What I propose will not guarantee coverage of every congressional proceeding, or simultaneous coverage by all the networks, or any of the other absolute guarantees that some may wish. Much of this broadcast coverage will probably take the form of excerpts of congressional debate for use on regular news broadcasts. Free access of broadcasting to Congress will allow broadcast journalism professionals to do what I believe they do best-apply their best news judgment to the selection of what is most vital, interesting, and newsworthy to the American people. And in my judgment this is the best guarantee of genuine public interest and attention—not forced public interest and attention—that the Congress can have.

Thank you, Mr. Chairman.

Chairman METCALF. Thank you so much for a most impressive statement.

I have wanted to discuss some of the questions you have raise, but before I do so, I will recognize Congressman Cleveland for his interrogation.

Representative CLEVELAND. Mr. Taylor, this is indeed a splendid statement.

I am not sure if it addresses itself to precisely the problem that this member of the committee had in mind.

There is no question you covered Congressmen and Senators in congressional activities, but the concern of this committee is that following a study by Senator Muskie's Committee on Government Operations, we found that Congress as an institution--not individual Concressmen and individual Senators, this institution of Congress-enjoyed a very low repute. And more recently when Mr. Harris came out with his latest poll, he found that the public's rating of Congress is not only the lowest ever recorded, it is 21-percent approval, 69-percent negative, it was very much less than the public's rating of the President.

Now, these hearings, as I understand them, are going to address themselves, if anything, to what the Congress can do to improve its image with the public and the public's confidence in Congress. If you were at the hearings yesterday, I think you would have noted that most of the witnesses, the Senators and the Congressmen, were very humble about this situation, very self-effacing, and we admitted many of our mistakes.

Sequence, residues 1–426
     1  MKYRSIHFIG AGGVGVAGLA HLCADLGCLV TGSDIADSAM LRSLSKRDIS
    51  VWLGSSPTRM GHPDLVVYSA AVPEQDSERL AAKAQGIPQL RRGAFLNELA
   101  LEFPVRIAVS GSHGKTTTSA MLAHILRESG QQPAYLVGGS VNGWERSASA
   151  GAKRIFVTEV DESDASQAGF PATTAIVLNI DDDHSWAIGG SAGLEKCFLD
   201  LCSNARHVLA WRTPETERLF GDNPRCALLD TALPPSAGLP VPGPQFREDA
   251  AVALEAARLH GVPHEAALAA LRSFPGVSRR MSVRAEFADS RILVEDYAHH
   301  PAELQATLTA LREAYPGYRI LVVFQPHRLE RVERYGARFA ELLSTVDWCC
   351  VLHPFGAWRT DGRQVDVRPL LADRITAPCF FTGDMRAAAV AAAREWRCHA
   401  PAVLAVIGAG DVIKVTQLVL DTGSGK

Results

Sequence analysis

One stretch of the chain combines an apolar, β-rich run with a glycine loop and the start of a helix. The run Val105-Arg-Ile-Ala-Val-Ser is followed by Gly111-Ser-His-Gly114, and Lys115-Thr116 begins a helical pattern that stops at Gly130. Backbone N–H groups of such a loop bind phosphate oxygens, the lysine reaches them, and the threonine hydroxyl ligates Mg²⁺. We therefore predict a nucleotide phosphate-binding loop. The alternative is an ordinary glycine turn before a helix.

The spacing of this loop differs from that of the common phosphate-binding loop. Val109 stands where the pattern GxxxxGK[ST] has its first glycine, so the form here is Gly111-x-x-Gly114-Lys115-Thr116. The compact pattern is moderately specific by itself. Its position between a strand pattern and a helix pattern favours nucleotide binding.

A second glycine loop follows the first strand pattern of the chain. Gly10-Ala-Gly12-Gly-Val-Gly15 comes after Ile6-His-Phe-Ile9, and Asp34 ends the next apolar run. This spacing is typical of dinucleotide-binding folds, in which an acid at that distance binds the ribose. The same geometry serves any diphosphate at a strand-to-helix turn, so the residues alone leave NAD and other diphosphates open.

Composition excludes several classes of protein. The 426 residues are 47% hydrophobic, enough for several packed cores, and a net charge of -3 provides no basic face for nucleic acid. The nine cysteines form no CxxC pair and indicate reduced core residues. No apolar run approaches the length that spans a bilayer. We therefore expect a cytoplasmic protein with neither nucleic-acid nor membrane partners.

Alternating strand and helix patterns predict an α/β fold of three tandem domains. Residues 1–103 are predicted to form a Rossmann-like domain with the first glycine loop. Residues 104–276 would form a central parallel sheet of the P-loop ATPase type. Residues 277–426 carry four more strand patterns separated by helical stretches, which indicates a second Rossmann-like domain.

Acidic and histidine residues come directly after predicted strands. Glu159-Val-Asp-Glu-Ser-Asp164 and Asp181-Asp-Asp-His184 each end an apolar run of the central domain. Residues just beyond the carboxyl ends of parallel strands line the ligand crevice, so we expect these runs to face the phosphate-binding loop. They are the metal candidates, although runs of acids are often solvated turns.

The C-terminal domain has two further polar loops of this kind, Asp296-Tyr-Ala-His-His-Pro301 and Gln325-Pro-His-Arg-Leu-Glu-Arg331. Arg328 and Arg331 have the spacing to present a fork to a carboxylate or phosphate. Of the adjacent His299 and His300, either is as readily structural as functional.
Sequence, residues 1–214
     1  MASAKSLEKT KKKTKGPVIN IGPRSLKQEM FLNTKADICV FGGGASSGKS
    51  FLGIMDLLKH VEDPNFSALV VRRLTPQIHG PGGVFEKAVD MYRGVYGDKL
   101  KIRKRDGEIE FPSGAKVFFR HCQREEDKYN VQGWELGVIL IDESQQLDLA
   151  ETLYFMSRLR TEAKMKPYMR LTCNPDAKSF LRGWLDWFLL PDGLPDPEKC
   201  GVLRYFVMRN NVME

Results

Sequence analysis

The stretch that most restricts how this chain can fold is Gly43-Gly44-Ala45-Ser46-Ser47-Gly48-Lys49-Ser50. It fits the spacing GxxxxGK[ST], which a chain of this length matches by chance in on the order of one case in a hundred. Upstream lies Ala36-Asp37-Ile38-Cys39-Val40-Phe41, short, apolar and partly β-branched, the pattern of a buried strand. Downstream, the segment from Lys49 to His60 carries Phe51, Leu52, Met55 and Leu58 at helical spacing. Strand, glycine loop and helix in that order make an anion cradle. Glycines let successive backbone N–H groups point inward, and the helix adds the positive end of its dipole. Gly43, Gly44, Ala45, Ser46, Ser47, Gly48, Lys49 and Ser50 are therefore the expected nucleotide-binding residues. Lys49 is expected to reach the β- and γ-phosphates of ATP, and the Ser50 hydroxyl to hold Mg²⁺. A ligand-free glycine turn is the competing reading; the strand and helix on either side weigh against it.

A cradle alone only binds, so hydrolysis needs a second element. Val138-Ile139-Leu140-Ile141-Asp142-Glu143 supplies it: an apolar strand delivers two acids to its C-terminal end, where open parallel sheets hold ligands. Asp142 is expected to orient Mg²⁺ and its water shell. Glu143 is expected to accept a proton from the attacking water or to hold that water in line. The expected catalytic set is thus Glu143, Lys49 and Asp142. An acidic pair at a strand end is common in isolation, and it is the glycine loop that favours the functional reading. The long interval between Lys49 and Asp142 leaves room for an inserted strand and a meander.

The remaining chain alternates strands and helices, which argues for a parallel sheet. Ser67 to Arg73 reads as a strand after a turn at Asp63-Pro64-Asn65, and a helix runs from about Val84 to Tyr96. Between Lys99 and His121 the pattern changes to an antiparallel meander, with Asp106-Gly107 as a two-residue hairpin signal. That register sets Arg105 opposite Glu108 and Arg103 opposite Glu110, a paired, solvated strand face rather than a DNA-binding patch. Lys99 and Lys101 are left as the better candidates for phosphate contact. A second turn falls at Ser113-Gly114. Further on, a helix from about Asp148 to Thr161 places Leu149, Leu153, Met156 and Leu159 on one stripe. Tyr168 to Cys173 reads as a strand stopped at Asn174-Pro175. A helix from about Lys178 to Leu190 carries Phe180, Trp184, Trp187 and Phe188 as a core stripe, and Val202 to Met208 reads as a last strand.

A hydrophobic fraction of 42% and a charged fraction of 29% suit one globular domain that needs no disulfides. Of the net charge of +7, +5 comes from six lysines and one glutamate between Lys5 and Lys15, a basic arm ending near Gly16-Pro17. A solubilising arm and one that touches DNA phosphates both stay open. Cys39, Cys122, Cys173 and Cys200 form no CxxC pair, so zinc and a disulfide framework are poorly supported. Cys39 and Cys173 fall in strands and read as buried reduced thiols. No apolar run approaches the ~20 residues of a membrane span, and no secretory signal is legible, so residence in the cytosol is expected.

You apparently have not made any mistakes, because I do not detert in your statement any admission of shortcoming and I congratulate you for being in that happy position.

But we admit that we are probably wrong in not letting you bring your cameras onto the floor of the Senate, the floor of the House.

We admit we made other mistakes.

For example, in connection with the energy problem, you point with some pride to the fact that you heard from 45 Senators. As a Representative I might think your proportion is a little out of whack, but we recognize in the House that the Senate is where the action is. I think it would be meaningful to these hearings, and more meaningful to the point we are addressing ourselves to, if somewhere along the line your reporters would have taken the time and trouble to point out to the public that there are no less than 17 different committees and subcommittees in the Senate and the House dealing with the energy problem, and in fact that is part of the problem.

Now, I would like your comment on whether you understand what I am trying to say, when I am distinguishing between coverage of individual Congressmen and Senators and of Congress as an institution.

Mr. TAYLOR. Yes, Congressman.
Let me respond to several of the points.

First of all, to our shortcomings. It did not seem to me the committee wanted to take the time to discuss all our shortcomings. We would be happy to do this at some other time.

Chairman METCALF. If the Congressman would yield, what we want you to do is tell us about some of our shortcomings which may have prevented you from doing a better job.

Mr. TAYLOR. Let me respond, as I have written down the points, Congressman Cleveland, that you have made.